Marco Rubio holds Guntersville Rally
December 4, 2015
Southern Torch (3854 articles)

Marco Rubio holds Guntersville Rally

By Tyler Pruett

GUNTERSVILLE, Ala.—The Marco Rubio for President campaign made its first stop in the Yellowhammer state Tuesday afternoon in Guntersville. Speaking to a crowd of enthusiastic supporters, the senator from Florida laid out his plans for a better America. Doors opened at the Guntersville Recreation Center at 3:30 p.m. and Sen. Rubio took the stage at 4:15 pm.

Event organizers estimated that close to one thousand people braved the cold rain, filling the gymnasium to hear the Republican presidential candidate speak. After leaving Guntersville, the  Rubio for President campaign team travelled to Mountain Brook for an evening fundraiser at the home of State Sen. Slade Blackwell. Before traveling to Alabama, the campaign held events in South Carolina on Tuesday morning and visited the first state that will vote in the 2016 primary, New Hampshire, on Monday.

Rubio’s remarks touched on a number of issues, including the gridlock in Washington and our skyrocketing national debt. Rubio said both parties are to blame for our government’s inefficiencies.

“We need leaders that understand the world we live in now, in the twenty-first century,” Rubio said. “We need leaders with a sense of urgency about the issues we face.”

America’s ailing economy, Rubio criticized current fiscal policies as outdated, and contributing to the country being behind on the global market. He also advocated the reform of the U.S. tax code, saying current tax policies are destroying small businesses and prohibiting the creation of new jobs.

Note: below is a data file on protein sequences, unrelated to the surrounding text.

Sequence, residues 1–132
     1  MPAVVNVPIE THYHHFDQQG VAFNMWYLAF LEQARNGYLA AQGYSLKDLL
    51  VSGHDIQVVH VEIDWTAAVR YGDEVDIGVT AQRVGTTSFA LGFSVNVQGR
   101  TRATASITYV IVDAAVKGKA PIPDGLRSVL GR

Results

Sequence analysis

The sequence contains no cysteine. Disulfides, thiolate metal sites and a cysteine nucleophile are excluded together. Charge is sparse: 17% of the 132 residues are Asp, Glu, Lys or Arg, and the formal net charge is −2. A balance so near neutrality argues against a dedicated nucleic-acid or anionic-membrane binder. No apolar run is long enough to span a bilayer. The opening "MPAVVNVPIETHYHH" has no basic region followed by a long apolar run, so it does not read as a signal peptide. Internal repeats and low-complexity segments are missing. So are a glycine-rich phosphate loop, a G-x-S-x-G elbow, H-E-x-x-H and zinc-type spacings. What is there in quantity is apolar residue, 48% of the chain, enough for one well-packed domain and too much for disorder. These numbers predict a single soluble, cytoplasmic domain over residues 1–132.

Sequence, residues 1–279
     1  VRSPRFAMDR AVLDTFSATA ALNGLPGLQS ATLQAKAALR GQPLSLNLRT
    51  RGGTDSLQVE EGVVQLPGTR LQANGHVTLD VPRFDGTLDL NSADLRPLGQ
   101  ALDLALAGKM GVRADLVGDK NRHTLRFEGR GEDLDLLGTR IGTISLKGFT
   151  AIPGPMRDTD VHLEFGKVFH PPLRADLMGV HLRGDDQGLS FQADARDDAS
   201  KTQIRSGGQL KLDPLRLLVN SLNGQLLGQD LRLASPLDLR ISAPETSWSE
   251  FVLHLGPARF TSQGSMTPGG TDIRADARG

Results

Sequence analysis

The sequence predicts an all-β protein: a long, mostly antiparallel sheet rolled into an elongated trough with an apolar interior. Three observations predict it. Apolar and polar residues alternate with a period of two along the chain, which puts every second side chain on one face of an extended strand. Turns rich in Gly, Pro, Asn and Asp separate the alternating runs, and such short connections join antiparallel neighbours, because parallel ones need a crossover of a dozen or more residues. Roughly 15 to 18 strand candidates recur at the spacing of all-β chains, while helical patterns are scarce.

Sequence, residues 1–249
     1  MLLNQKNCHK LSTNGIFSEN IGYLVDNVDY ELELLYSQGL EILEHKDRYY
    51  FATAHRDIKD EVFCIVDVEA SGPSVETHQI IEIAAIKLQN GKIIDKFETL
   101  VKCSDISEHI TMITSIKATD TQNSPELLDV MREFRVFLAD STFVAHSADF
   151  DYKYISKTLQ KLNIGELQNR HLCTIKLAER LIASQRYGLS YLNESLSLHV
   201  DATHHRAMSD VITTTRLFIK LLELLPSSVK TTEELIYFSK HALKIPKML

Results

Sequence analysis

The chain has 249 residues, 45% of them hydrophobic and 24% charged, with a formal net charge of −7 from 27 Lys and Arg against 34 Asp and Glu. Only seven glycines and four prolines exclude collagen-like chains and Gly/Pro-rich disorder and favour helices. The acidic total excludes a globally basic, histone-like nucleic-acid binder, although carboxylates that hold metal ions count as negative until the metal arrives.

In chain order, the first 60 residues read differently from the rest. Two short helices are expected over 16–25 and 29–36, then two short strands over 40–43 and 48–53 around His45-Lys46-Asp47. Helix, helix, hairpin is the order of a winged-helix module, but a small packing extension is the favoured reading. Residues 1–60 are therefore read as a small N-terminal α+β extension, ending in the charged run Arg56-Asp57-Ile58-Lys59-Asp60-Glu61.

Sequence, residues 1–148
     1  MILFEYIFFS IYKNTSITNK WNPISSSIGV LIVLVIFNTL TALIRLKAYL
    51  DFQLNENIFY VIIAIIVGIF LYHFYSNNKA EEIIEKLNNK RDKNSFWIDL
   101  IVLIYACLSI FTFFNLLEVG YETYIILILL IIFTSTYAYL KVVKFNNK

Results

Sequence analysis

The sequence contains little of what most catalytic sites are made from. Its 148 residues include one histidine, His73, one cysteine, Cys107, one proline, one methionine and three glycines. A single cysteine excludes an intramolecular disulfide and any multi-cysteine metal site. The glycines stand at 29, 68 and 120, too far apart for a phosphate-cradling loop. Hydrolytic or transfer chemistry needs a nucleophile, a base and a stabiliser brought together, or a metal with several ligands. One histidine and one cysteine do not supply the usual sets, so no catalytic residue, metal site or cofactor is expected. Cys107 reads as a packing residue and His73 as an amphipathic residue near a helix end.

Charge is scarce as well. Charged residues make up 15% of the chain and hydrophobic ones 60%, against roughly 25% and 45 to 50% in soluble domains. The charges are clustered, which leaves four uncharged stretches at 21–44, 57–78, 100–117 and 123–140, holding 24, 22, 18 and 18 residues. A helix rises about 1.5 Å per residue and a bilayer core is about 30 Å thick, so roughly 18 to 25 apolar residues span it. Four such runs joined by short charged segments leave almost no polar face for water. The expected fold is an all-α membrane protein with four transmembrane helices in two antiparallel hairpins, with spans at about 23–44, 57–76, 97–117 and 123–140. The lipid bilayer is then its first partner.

For the first time in 35 years, we have more businesses dying than starting,” Rubio said. “This could be remedied by creating a regulatory budget, and placing a cap on how much money regulations can cost our economy.”

While not invoking the name of his closest rival, U.S. Sen. Ted Cruz, Rubio seemed to challenge the senator from Texas on the source of our national debt, asserting that the causes of that debt are not “defense spending or foreign aid that totals less than one percent of our budget, but the way important programs are structured for future generations.”

Rubio also spent time discussing the importance of skill-based education as an alternative to a traditional four year degree and reforming the Veteran’s Administration. He advocated for veterans seeking treatment to be able to take their, “VA benefits to any hospital, any doctor, or any clinic.”

Recently the Rubio Campaign has significantly increased travel and the hosting of campaign events, showing a transition from the “invisible primary” to building support among voters. The “invisible primary” consists of the months leading up to the actual primary, when candidates focus on raising crucial campaign cash and gaining endorsements. The campaign will now focus on meeting voters face-to-face in key states. This process began five days before the Thanksgiving holiday in Iowa and New Hampshire, and continues in southern states this week, where Senator Cruz has made numerous visits and is hedging a large part of his campaign strategy on winning big in the March 1 “SEC Primary.”

Rubio will conclude the rest of the week visiting his home state of Florida and Louisiana.

Southern Torch

Southern Torch


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